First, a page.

The 13-year-old subjects of Henson's photographs do not appear to be enrapt in states of sexual excitement or posed in positions that explicitly depict intercourse (though they may not be particularly chaste either); instead, it's the very display of these fragile bodies, uniquely young and therefore innocently vulnerable (though "innocence" itself is a condition that Henson may be exploring), that offends. That adolescent sexuality is all-pervasive in this commercial culture as a means to sell products -- whether they're promoted through commercials during Gossip Girl or offered as iPod downloads after a performance by one of any number of scantily-clad adolescent pop-stars -- is apparently not at issue. Henson's photographs, instead, bring this vulnerability to light, as images and vulnerability that sell nothing. Responding to concerns that his work might provoke disturbing feelings (feelings that can't be catharted through the purchase of a product, anyway), Henson says, "You can't control the way in which individuals respond to the work," adding that his intention is to explore notions of intimacy: "Something which is absolutely inviolate and unknowable." Far from violating his subjects, Henson seeks to express their ambiguous inviolability, without attempting moral judgment or conclusion -- which is not the same thing as violation in the least.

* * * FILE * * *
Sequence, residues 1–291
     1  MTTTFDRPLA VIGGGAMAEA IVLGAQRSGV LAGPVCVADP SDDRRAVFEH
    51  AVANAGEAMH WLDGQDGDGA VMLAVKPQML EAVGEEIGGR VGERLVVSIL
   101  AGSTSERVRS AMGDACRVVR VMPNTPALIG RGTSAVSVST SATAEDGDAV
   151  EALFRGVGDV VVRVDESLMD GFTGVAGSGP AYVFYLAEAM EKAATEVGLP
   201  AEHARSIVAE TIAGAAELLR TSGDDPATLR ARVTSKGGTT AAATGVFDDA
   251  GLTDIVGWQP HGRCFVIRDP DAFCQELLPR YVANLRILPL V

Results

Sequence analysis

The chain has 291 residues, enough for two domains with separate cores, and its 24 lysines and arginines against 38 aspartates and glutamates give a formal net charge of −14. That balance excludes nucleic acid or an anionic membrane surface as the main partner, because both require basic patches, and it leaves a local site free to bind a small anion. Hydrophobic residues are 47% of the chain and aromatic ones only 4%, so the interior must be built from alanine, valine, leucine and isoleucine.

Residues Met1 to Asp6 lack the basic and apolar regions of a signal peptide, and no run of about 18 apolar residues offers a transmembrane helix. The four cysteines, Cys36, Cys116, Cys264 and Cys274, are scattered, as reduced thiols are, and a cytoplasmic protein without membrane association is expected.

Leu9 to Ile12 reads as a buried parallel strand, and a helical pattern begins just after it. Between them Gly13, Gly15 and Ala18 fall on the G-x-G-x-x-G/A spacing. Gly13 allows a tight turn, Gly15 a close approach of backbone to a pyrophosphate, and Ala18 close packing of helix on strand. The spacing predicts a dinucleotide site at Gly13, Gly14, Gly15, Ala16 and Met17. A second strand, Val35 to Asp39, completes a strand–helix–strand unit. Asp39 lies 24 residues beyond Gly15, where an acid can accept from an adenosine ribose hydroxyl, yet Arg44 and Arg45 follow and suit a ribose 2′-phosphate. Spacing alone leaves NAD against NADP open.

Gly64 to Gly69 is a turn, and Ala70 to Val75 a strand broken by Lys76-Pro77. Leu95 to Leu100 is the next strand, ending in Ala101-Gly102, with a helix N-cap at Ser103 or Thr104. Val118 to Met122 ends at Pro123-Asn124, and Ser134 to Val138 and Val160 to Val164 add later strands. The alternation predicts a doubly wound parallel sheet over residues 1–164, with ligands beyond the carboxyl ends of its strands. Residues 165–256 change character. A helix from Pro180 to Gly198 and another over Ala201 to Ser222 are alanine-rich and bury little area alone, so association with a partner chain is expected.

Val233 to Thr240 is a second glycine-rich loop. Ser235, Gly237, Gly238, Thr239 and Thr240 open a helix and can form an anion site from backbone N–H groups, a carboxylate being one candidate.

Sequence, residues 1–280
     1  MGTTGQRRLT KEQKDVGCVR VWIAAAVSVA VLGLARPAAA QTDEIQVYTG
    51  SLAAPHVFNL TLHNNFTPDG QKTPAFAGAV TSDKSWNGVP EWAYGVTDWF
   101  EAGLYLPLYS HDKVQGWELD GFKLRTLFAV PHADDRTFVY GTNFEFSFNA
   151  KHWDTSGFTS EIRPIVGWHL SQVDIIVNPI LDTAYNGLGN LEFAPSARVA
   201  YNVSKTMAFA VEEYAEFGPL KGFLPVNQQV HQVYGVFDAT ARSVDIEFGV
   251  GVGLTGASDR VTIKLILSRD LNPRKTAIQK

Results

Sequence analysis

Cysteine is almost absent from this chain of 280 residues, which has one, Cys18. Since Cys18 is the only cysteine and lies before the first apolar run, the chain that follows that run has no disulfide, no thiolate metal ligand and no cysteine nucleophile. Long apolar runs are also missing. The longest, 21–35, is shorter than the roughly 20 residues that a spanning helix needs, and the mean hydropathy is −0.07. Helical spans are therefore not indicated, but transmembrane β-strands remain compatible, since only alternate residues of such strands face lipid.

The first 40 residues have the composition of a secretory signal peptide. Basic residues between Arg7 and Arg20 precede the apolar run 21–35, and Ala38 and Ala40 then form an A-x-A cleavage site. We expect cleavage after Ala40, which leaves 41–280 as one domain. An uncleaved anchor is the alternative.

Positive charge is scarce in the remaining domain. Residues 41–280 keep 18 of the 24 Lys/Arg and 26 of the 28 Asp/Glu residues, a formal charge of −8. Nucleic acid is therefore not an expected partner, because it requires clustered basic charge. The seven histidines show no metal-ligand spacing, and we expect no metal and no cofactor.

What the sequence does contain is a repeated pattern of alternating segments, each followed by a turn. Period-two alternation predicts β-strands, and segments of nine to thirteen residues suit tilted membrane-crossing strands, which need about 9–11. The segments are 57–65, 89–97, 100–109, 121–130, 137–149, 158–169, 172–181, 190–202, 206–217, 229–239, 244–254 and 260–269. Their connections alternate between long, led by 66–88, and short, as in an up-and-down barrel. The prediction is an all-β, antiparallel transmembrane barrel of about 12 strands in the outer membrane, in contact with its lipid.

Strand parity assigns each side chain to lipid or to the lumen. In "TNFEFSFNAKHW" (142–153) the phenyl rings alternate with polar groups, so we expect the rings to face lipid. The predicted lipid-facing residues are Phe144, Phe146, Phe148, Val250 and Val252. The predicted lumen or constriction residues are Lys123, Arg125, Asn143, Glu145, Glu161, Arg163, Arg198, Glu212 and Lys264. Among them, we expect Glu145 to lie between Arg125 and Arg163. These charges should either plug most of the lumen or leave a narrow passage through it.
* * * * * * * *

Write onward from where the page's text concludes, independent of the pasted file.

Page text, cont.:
Henson sees the ambivalence in teenagers: the craving for experience and the anxiety of innocence. His 'crime' is to acknowledge that truth.


See also: Bill Henson's lightness of being.
It's odd that the photographer should be presumed to be obsessed with the pornography of youth -- with licentiousness and passion -- when he is so obviously fascinated with cyan: the colour of the skin in the moment between the last pulse of oxygenated blood through the arteries and the flat-line of brain death.

Henson photographs adolescence precisely because of its obliviousness -- its apparent imperviousness -- to mortality. He doesn't see the skull beneath the skin so much as the marble waxiness of flesh in the cool light of night.

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Friday, May 23, 2008

Bill Henson

This morning, as I write, Roslyn Oxley9 Gallery's web site is down and the NSW State Premier is sounding alarmingly and tub-thumpingly like Daily Telegraph leader: what parent would allow their child to be photographed like this? And Australia looks like having a shit fight to rival the so-called culture wars that swept up artists like Robert Mapplethorpe and Karen Finley.